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"Buckle up. We're ready to go to work," Vice President Pence told Republican lawmakers at their annual retreat in Philadelphia on Thursday.

With a GOP administration in place for the first time in eight years, congressional leaders have mapped out an ambitious legislative agenda, with goals to have bills to repeal and replace Obamacare, overhaul the tax code and build a wall on the U.S.-Mexico border, all before lawmakers break for the annual August recess.

An underground pipeline that runs through multiple Midwestern states has leaked an estimated 138,000 gallons of diesel fuel, according to the company that owns it, Magellan Midstream Partners.

Clay Masters of Iowa Public Radio reported diesel leaking from a 12-inch underground pipe was initially spotted in a farm field in north-central Worth County, Iowa, on Wednesday morning. Officials from the U.S. Environmental Protection Agency and Iowa Department of Natural Resources joined representatives of Magellan and other local officials at the site, Masters reported.

The story of Sri Lanka's most beloved sweetener starts with the kithul, or fishtail, palm tree and a tapper, like 58-year-old Amuvita Gamage Dayasena.

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President Trump's continued business dealings have generated plenty of teeth-gnashing about whether the occupant of the White House will be profiting off his new role.

The question is who has the "standing" to do anything about it?

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An article in an online publication accusing Facebook of suppressing the Women's March in its trending topics caused a little tempest on social media over the weekend. Facebook says it did not intentionally block any story and is revealing a new way its trending-topics algorithm will now operate.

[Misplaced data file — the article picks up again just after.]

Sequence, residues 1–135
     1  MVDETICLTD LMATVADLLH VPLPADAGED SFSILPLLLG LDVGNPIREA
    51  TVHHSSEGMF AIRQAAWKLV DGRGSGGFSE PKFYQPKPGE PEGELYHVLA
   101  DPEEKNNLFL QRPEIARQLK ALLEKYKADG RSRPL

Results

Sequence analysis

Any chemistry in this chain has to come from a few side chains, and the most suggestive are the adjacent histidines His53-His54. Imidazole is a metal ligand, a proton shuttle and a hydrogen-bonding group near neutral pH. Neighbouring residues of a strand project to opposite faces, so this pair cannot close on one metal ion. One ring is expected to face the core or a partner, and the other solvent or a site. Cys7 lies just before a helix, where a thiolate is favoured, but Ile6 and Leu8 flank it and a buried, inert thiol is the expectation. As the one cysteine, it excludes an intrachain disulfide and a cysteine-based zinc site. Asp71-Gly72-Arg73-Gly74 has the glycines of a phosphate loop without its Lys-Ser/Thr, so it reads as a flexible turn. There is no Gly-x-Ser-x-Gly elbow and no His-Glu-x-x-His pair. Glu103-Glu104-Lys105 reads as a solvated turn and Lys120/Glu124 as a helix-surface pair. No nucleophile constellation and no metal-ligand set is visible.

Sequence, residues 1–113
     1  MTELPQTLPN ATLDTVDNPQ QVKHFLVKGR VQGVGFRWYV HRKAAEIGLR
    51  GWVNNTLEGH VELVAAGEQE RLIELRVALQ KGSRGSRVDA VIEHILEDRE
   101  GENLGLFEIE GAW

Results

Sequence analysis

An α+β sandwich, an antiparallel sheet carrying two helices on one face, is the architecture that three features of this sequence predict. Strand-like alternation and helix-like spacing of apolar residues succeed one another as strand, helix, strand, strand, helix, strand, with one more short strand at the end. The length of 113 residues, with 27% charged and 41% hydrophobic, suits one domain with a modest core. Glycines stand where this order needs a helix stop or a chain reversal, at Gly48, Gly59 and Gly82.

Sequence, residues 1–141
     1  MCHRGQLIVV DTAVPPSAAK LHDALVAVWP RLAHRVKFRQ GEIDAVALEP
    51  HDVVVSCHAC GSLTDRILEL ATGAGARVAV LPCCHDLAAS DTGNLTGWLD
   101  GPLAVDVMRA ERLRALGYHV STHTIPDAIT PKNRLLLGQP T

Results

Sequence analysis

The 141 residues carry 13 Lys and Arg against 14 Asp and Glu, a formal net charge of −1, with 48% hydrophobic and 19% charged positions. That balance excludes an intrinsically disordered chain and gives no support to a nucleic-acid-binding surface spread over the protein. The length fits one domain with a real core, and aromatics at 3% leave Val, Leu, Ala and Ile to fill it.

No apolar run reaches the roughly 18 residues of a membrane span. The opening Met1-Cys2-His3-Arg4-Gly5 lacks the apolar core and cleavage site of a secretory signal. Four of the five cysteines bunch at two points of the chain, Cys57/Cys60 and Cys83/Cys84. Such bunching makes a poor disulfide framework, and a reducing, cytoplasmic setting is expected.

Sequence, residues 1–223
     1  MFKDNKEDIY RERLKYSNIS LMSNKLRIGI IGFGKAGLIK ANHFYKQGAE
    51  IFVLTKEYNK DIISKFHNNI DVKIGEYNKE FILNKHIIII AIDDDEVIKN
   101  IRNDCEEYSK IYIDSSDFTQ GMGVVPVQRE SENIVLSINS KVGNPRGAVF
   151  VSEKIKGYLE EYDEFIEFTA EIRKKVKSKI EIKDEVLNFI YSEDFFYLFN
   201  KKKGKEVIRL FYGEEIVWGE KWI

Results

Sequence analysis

There have been no executive orders yet to undo President Barack Obama's signature climate plan, but many officials and environmental groups consider it as good as dead. The Clean Power Plan is on hold while a legal battle plays out, and even if an appeals court upholds it — a decision could come any day — the Trump administration is likely to appeal to the Supreme Court.

The state of New York decided to forge ahead anyway. Like a number of other mostly liberal states, it is continuing with efforts to drive down the carbon emissions that drive climate change.

Episode 632: The Chicken Tax

Jan 25, 2017

This episode originally ran in 2015.

German families in the 1960s loved tasty, cheap American-raised chicken that was suddenly coming in after the war. At the same time, Americans loved fun, cheap Volkswagen Beetles. This arrangement was too good to last.

President Trump has said he won't do any new foreign deals while in the White House, but that won't stop new Trump hotels from springing up across the United States.

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The Dow Jones industrial average cruised past another milestone Wednesday — the 20,000 level, further evidence of the long bull market that has lifted share prices since the depths of the financial crisis.